Wednesday, April 16, 2014

"The authoritative source of health insurance data for more than three decades ..."

is the US Census Bureau.

But it shouldn't be.

The purpose of the census bureau is to count noses so that seats in the US House of Representatives can be apportioned.

That's it.

That's all.

The Census Bureau should only be asking one question at each address: "How many people live here?"

Everything else is none of their business.


Saturday, April 12, 2014

Why I am Against Colbert as a Replacement for Letterman

Not for the reason you might think.

It's not that I don't think Colbert is as funny as Letterman. He's at least as funny as Letterman.

Nor do I think that it signals a dramatic and undesirable political shift on CBS late night TV. Colbert spends more time on politics than Letterman, but I bet if they were both congresscritters they'd vote the same way 90%+ of the time.

I just happen to like The Colbert Report, and to think that a more generalized, network-friendly late night show featuring Colbert will not be as good at the things he's good at.

One of my favorite Colbert segments:


I'm Shocked -- Shocked!

That the National Security Agency exploited the "Heartbleed" bug to conduct its illegal domestic espionage activities. And then lied about it.

A couple of observations about Heartbleed:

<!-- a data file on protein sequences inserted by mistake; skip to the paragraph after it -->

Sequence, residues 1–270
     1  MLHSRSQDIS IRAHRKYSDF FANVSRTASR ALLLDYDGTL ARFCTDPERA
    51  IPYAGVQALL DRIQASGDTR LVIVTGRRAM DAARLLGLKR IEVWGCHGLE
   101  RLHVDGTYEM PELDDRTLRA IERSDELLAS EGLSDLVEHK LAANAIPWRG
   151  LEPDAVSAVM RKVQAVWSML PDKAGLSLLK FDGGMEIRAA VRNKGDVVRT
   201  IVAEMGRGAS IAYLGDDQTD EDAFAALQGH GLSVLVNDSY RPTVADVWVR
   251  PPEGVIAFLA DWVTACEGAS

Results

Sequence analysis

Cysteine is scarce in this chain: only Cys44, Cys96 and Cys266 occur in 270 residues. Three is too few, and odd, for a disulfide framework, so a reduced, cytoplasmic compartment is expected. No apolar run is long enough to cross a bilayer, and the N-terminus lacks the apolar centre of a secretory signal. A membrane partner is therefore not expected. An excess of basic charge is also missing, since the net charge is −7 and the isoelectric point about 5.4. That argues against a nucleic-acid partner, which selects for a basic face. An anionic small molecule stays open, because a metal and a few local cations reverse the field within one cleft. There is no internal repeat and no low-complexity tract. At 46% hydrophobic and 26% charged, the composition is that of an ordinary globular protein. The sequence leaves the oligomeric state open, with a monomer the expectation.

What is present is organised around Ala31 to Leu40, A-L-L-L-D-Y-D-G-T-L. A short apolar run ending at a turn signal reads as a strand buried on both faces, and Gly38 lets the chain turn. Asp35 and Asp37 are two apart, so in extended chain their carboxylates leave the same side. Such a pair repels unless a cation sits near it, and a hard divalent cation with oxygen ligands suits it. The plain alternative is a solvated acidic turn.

• It was a bug in open source software that is widely used, released under a public microscope and carefully/constantly reviewed by dedicated experts. Yet the bug was around for two years before it was publicly exposed. No, I'm not putting down open source. I still think it's a great way to do things, especially from a security standpoint. Just pointing out that it's not magically perfect. Problems can still go unnoticed.
  • It went publicly unnoticed, but the NSA knew about it and exploited it for most or all of that two years. So you can bet that other governments' intelligence agencies did too. QED, when the US government huffs and puffs about its dedication to "cyber security," they're blowing smoke up your ass. If they identify a dangerous flaw in widely used Internet software, they don't broadband it so it can be fixed, they just exploit it, knowing that the Chinese, the Russians, et. al are exploiting it too.
The only really good thing to come out of this is that with the fix, NSA has had a spy door slammed shut in its face.

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